WASHINGTON — A new Department of Defense report on the state of America’s space industrial base finds strength in the near-term while lamenting the lack of a long-term focus. To that end, the report calls for the White House to develop a National North Star Vision to guide civil, commercial and national security space efforts.

Drawn up by the Space Force, the Defense Innovation Unit and the Air Force Research Laboratory, the State of the Space Industrial Base 2021 report is the result of discussions with 232 industry experts earlier this year in New Mexico.

The authors of the report find a strong industrial base with significant commercial investment in innovation that can support the government’s space missions.

“All of the near-term metrics about what’s going on in space are very exciting and strong. If you look at the number of inventions and new things that are being done in space, at the innovation ecosystem where you have lots of new companies coming into space, private investment where you have a record amount of venture capital flowing into space startups — that’s all very positive and very strong,” explained Col. Eric Felt, director of the Air Force Research Laboratory’s Space Vehicles Directorate, at an Atlantic Council event discussing the report’s findings.

That said, the authors note that the flurry of commercial space activity cannot be sustained without strategic direction. Key challenges include ensuring sufficient contract and prototyping funding and opportunities, securing American supply chains, and strategic workforce development.

“There’s lots of concern that that may not continue,” Felt said of near-term energy and growth in the space sector.

To that end, the report recommends the White House and its Space Council adopt “space development and settlement” as our National “North Star” Space Vision to synchronize efforts across the military, commercial and civil space sectors. That vision would guide near-term goals, such as the nation’s development of cislunar space, as well as more ambitious long-term goals — specifically, space settlement and “enabling humanity to become the first multi-planetary species.”

That North Star vision recommendation is a carry-over from the 2020 version of the report.

“How can we bring the civil, commercial and national security sectors together to work in a unified way?” said Bucky Butow, director of the Defense Innovation Unit’s space portfolio.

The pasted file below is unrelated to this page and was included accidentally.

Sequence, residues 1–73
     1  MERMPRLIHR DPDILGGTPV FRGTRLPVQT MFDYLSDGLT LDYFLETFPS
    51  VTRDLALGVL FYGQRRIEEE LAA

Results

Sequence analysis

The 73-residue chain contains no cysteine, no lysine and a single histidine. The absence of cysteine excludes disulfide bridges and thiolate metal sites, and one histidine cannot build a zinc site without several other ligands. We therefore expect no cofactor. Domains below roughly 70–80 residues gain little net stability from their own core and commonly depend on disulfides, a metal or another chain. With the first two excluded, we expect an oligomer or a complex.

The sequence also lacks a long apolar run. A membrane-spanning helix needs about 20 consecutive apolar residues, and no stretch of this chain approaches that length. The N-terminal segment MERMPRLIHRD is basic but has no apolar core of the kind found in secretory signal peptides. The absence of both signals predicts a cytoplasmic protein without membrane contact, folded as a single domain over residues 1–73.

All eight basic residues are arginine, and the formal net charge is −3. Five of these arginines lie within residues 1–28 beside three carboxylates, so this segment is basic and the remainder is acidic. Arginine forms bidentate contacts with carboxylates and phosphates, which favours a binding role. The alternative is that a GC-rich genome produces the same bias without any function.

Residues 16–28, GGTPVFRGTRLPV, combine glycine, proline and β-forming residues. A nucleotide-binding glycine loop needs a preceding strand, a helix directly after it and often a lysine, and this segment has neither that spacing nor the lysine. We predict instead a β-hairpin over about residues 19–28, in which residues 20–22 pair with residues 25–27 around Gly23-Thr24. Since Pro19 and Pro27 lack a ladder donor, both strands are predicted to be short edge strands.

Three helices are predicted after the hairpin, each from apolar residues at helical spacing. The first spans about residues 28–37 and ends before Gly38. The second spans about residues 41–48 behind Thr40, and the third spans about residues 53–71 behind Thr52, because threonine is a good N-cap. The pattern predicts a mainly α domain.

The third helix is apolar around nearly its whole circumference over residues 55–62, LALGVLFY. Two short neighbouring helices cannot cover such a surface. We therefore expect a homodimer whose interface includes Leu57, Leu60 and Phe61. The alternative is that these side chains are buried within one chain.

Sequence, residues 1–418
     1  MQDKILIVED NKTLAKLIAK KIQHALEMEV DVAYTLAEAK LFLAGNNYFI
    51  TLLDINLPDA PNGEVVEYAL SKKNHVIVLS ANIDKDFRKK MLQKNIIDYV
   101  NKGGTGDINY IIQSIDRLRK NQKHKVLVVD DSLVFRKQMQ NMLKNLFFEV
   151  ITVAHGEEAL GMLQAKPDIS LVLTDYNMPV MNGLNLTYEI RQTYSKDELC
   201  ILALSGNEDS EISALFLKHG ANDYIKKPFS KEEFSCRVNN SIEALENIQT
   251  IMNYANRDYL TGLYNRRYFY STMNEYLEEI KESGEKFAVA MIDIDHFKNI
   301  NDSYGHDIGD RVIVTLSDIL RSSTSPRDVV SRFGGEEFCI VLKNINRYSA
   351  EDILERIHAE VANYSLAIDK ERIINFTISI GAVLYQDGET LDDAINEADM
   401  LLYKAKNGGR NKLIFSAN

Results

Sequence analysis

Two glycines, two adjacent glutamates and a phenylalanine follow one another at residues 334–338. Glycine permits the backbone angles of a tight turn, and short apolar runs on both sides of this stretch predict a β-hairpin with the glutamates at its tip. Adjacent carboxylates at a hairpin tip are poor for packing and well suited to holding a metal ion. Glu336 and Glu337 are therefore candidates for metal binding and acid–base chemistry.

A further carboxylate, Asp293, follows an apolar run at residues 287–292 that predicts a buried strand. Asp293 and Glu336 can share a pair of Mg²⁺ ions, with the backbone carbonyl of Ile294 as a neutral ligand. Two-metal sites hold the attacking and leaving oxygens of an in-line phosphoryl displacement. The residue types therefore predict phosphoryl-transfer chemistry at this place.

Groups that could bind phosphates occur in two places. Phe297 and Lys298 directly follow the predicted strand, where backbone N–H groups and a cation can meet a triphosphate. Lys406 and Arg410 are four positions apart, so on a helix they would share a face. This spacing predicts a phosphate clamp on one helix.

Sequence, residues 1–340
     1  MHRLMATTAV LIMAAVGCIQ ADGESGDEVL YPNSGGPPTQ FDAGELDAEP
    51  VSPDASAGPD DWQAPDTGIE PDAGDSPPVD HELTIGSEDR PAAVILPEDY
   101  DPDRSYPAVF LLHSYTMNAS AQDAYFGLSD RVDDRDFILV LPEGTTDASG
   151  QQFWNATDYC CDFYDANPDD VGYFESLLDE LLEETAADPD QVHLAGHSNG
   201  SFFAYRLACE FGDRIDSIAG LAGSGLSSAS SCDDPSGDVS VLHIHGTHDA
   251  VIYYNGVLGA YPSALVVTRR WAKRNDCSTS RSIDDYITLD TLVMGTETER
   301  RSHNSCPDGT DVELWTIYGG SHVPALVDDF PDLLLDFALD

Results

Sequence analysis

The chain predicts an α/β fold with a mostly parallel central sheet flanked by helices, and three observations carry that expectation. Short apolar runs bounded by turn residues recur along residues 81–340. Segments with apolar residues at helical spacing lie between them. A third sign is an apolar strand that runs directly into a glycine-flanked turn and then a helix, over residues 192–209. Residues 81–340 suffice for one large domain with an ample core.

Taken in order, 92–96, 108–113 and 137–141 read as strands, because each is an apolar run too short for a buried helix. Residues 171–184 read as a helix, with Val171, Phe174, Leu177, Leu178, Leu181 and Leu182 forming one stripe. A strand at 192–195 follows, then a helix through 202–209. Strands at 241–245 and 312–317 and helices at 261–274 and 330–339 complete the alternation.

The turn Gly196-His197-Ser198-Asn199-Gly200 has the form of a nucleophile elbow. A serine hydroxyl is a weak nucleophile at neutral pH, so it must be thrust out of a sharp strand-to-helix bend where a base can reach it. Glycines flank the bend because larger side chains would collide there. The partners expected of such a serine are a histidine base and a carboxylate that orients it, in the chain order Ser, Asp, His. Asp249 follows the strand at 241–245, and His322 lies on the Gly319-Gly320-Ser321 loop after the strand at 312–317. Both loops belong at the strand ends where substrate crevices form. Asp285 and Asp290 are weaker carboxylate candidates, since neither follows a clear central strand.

The report’s main recommendations for the Department of Defense mirror the Space Force’s messaging in its nearly two years of existence: The Department of Defense needs to adopt more commercial technologies and services while bringing in more small businesses. Space Force officials have been clear that they want to adopt more commercial services for its missions, and under the new Space Systems Command the service has established a commercial office to help do just that. The Space Force has also opened up more opportunities for small businesses by embracing Other Transaction Authorities and events like Space Pitch Days. Organizations like DIU, AFWERX, SpaceWERX and Space Prime have also been created to help bring in new contractors.

But the authors want to see more rapid adoption of commercial services in the near-term. They recommend the Department of Defense mandate 20% of the overall DoD budget go to non-traditional commercial service acquisitions. Currently that number is in the single digits.

There are specific criticisms of government efforts on this front as well. The report calls out the National Reconnaissance Office and the National Geospatial-Intelligence Agency for being too slow in adopting commercial imagery. While the NRO does have some commercial imagery contracts, it’s in the middle of changing the way it acquires and uses said imagery. In 2019 the agency issued study contracts to guide that effort. It plans to issue the first awards informed by those study contracts in early 2022.

The authors also call out overclassification as an issue that prevents small companies from engaging fully with the government.

“Our security and resilience in space is critical for our democracy-based world order in the future,” said Chief of Space Operations Gen. Jay Raymond in a statement. “The recommendations, if followed, have the power to unite and unleash the full innovation, technological and industrial capability of the U.S. and the benefit of all humanity.”

Nathan Strout covers space, unmanned and intelligence systems for C4ISRNET.

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